Androgen insensitivity syndrome

Androgen insensitivity syndrome affects a child’s sexual development before birth and during puberty. People with this syndrome are born with the physical traits of a female but are genetically male.

There are two types of androgen insensitivity syndrome: complete and partial.

Babies with complete androgen insensitivity syndrome appear female at birth but don’t have a uterus, ovaries or fallopian tubes. Testicles are hidden inside the pelvis or abdomen. These children typically have a female gender identity and are raised as girls. In many cases, they aren’t diagnosed until they fail to menstruate.

Babies with partial androgen insensitivity syndrome may be born with sexual characteristics typical of a male, a female or both. They may have a male or female gender identity.

Causes

Androgen insensitivity is a genetic condition passed down by the mother.

Signs and symptoms

In cases of partial androgen insensitivity, ambiguous genitalia is the primary symptom.

Symptoms of complete androgen insensitivity include:

  • No menstrual cycle
  • Normal breast development with minimal pubic and armpit hair
  • Lumps in the groin or abdomen (which are testes)

Diagnosis

Complete androgen insensitivity typically is discovered at puberty, when menstruation fails to occur. A child might be diagnosed when a growth is felt in the abdomen and surgery reveals it is a testicle.

Partial androgen insensitivity usually is discovered at birth because the external genitals aren’t clearly male or female (ambiguous genitalia).

The process of diagnosis starts with a thorough medical history and physical exam. Tests may include:

  • Blood work to check hormone levels
  • Genetic testing
  • Pelvic ultrasound or MRI

Treatment

For complete androgen insensitivity, our team may prescribe estrogen replacement therapy. Undescended testicles can be surgically removed. Vaginal dilators may eventually be recommended to lengthen the vagina.

For partial androgen insensitivity, gender assignment surgery can be performed to match your child’s gender identity. Hormone therapy might also be needed.

Treatment and gender assignment is complex, and our team of experts understands each case is unique. In addition to treating the condition, we can provide counseling and support for your child and your entire family.

Gynecology – 1750

Contact Us

Schedule an appointment with a pediatric gynecologist.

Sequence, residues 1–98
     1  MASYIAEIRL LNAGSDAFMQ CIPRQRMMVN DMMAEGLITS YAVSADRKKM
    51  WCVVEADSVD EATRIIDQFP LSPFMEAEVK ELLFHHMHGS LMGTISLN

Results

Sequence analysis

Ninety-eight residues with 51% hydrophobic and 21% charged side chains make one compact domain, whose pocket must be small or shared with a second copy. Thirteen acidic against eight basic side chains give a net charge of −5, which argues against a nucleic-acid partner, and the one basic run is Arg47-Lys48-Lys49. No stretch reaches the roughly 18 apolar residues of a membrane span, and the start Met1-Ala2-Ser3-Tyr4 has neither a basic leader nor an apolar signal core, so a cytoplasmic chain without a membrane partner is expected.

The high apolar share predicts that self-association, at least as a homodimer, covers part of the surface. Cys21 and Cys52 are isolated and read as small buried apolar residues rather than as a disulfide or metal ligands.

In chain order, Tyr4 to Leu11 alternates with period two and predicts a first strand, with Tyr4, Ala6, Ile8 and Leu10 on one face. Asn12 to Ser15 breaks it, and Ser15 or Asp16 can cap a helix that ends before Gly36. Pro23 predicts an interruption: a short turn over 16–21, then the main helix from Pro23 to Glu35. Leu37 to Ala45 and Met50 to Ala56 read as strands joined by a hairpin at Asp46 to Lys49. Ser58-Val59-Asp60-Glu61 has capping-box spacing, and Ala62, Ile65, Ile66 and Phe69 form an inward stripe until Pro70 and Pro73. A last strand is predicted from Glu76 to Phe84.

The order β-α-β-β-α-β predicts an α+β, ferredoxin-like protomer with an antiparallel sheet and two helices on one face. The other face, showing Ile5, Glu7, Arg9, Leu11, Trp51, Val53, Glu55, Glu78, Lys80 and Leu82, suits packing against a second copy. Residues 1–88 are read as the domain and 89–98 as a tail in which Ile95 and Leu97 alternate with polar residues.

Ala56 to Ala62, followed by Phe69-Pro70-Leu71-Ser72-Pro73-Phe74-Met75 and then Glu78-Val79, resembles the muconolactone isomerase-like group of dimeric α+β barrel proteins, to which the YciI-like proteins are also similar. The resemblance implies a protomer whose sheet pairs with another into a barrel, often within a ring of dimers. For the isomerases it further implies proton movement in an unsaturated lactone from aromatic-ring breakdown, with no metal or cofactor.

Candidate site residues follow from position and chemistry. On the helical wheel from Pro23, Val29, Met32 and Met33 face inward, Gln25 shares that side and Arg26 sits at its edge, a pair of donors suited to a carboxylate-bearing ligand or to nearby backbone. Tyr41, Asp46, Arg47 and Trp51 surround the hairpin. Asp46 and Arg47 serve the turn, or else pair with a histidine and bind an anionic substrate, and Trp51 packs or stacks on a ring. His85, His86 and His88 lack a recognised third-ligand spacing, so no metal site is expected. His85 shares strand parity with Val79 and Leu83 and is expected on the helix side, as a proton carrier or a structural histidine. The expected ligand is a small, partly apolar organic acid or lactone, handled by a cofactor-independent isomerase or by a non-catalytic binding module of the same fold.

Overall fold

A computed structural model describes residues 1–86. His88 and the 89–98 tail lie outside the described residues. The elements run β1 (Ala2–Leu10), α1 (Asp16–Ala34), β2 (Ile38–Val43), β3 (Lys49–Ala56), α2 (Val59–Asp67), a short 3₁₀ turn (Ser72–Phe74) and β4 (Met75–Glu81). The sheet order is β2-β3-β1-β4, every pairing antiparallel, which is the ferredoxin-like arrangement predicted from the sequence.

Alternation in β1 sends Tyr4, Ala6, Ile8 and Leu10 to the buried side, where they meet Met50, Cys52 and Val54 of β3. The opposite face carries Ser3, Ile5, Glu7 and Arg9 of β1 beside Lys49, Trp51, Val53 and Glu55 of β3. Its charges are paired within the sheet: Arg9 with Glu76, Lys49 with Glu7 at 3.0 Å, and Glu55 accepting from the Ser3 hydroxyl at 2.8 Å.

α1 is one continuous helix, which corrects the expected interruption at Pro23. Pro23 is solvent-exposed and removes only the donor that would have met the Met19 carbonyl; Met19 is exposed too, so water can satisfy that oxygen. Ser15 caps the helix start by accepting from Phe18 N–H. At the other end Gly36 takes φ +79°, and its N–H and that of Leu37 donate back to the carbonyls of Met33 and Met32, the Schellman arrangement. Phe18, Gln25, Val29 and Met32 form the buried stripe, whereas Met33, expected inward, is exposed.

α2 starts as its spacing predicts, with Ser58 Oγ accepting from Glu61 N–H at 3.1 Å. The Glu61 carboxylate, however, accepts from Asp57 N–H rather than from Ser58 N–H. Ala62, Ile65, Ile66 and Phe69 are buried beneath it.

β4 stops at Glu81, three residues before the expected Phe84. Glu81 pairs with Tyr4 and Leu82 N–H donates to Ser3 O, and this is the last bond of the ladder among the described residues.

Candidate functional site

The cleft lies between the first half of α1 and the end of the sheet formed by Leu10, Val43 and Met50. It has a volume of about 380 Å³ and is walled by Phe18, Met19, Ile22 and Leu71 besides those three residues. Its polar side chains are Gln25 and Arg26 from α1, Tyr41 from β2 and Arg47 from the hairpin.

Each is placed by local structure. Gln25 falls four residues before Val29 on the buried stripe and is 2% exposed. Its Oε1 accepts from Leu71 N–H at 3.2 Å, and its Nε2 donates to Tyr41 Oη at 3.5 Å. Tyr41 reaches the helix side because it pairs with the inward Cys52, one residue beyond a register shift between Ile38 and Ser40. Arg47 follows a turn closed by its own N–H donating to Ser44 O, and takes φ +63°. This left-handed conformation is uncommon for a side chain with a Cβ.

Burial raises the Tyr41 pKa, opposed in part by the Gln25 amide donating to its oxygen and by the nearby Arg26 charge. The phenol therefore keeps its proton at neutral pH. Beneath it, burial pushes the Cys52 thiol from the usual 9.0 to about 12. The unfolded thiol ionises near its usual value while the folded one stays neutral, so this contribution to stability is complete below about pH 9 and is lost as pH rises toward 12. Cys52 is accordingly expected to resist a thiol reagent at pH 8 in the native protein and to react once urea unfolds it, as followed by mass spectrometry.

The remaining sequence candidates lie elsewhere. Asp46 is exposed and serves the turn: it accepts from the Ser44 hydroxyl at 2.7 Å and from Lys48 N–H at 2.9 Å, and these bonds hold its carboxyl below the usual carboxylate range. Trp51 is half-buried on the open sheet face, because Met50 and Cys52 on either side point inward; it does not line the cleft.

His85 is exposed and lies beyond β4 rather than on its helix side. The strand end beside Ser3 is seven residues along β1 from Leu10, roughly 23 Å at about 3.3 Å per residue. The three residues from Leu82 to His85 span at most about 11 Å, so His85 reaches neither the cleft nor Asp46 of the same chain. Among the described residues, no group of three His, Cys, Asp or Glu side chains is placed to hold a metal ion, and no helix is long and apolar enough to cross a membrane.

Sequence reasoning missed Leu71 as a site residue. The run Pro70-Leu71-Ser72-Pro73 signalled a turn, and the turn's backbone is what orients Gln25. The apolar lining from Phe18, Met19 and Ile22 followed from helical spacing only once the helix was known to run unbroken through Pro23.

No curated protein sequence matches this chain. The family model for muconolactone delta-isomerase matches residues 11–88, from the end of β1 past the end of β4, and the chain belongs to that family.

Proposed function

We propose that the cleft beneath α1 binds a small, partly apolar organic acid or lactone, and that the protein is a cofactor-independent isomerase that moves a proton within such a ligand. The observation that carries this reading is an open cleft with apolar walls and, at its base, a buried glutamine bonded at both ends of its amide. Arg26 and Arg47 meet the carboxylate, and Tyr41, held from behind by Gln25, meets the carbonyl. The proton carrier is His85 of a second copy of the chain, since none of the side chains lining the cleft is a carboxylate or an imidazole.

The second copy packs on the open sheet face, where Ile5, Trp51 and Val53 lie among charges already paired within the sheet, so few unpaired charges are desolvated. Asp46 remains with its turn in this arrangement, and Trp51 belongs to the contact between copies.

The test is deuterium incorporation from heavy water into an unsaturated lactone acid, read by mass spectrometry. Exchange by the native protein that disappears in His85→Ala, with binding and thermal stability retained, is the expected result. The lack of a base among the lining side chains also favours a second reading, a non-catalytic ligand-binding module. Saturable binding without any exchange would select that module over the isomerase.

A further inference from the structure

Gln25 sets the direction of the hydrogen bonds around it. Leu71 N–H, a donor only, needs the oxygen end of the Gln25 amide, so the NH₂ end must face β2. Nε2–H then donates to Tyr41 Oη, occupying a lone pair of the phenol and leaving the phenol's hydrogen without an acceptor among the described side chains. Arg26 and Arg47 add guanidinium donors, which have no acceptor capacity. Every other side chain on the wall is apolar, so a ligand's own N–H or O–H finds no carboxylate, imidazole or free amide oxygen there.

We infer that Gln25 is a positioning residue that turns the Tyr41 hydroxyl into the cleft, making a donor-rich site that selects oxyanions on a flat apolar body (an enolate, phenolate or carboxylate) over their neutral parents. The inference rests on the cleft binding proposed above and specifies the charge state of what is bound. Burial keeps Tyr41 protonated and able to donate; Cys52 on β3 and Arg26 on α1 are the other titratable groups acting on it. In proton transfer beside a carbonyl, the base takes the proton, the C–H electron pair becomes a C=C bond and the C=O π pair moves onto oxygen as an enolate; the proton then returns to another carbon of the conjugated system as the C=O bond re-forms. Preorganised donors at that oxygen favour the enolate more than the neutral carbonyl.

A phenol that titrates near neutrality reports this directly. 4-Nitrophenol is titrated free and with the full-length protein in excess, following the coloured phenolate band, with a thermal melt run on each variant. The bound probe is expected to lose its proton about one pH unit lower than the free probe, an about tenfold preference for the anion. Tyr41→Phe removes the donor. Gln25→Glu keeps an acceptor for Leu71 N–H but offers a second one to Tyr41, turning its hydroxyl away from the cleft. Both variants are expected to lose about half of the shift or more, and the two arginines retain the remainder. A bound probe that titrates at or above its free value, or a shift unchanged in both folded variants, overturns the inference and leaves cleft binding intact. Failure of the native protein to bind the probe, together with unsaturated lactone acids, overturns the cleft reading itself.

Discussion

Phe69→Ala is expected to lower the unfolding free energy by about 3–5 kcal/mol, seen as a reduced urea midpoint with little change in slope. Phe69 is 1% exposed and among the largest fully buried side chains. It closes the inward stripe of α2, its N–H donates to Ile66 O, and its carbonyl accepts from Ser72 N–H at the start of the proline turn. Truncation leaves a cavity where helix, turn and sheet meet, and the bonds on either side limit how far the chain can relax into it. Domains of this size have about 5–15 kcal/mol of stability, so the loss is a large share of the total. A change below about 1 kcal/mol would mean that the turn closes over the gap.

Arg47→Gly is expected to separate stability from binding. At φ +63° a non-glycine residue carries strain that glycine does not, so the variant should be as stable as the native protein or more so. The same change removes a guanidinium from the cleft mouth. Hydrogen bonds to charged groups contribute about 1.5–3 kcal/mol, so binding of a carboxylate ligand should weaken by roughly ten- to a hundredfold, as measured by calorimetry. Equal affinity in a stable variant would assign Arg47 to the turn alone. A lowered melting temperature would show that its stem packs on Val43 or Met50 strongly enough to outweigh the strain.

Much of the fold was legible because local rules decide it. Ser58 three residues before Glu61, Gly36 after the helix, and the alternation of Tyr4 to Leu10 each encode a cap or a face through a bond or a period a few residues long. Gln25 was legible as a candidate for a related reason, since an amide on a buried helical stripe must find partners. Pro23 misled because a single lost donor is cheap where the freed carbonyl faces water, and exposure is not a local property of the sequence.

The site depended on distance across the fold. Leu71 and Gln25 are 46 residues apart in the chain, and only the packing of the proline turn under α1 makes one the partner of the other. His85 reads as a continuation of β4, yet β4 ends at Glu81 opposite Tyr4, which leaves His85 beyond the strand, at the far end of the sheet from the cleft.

(502) 559-1750


Download Patient Packet

Family discovers child’s brain tumor after routine eye checkup

Three-year-old Apphia Rosenthal started a regular day last summer eating eggs and chatting with her parents. She was excited about what color glasses she would choose if she needed them (she was thinking something in […]

Read Full Story

Why you should ask your nurses or doctors to clean their hands

We often give reminders to our kids and family members about washing their hands. After all, it’s a do-it-yourself vaccine that can help prevent flu and other disease, and keep infections at bay. Did you […]

Read Full Story

Revolutionary CAR-T cell therapy for leukemia treatment coming to Louisville

Kids with leukemia in the Louisville area soon will be able to get the next big advance in treatment, a revolutionary immunotherapy known as CAR-T (chimeric antigen receptor T cells) therapy. In CAR-T therapy, a […]

Read Full Story

Pilot School-based Telemedicine Program available to JCPS students at select schools

Thanks to a new collaboration between Norton Healthcare and Jefferson County Public Schools, students at three schools have access to online medical care while at school. The pilot School-based Telemedicine Program allows a child to […]

Read Full Story

7 questions to ask before your child gets general anesthesia

If your child needs surgery that will involve general anesthesia, it’s important to know that pediatric patients have unique needs.   Their brains and bodies are still developing, and administering anesthesia to pediatric patients is […]

Read Full Story

Search our entire site.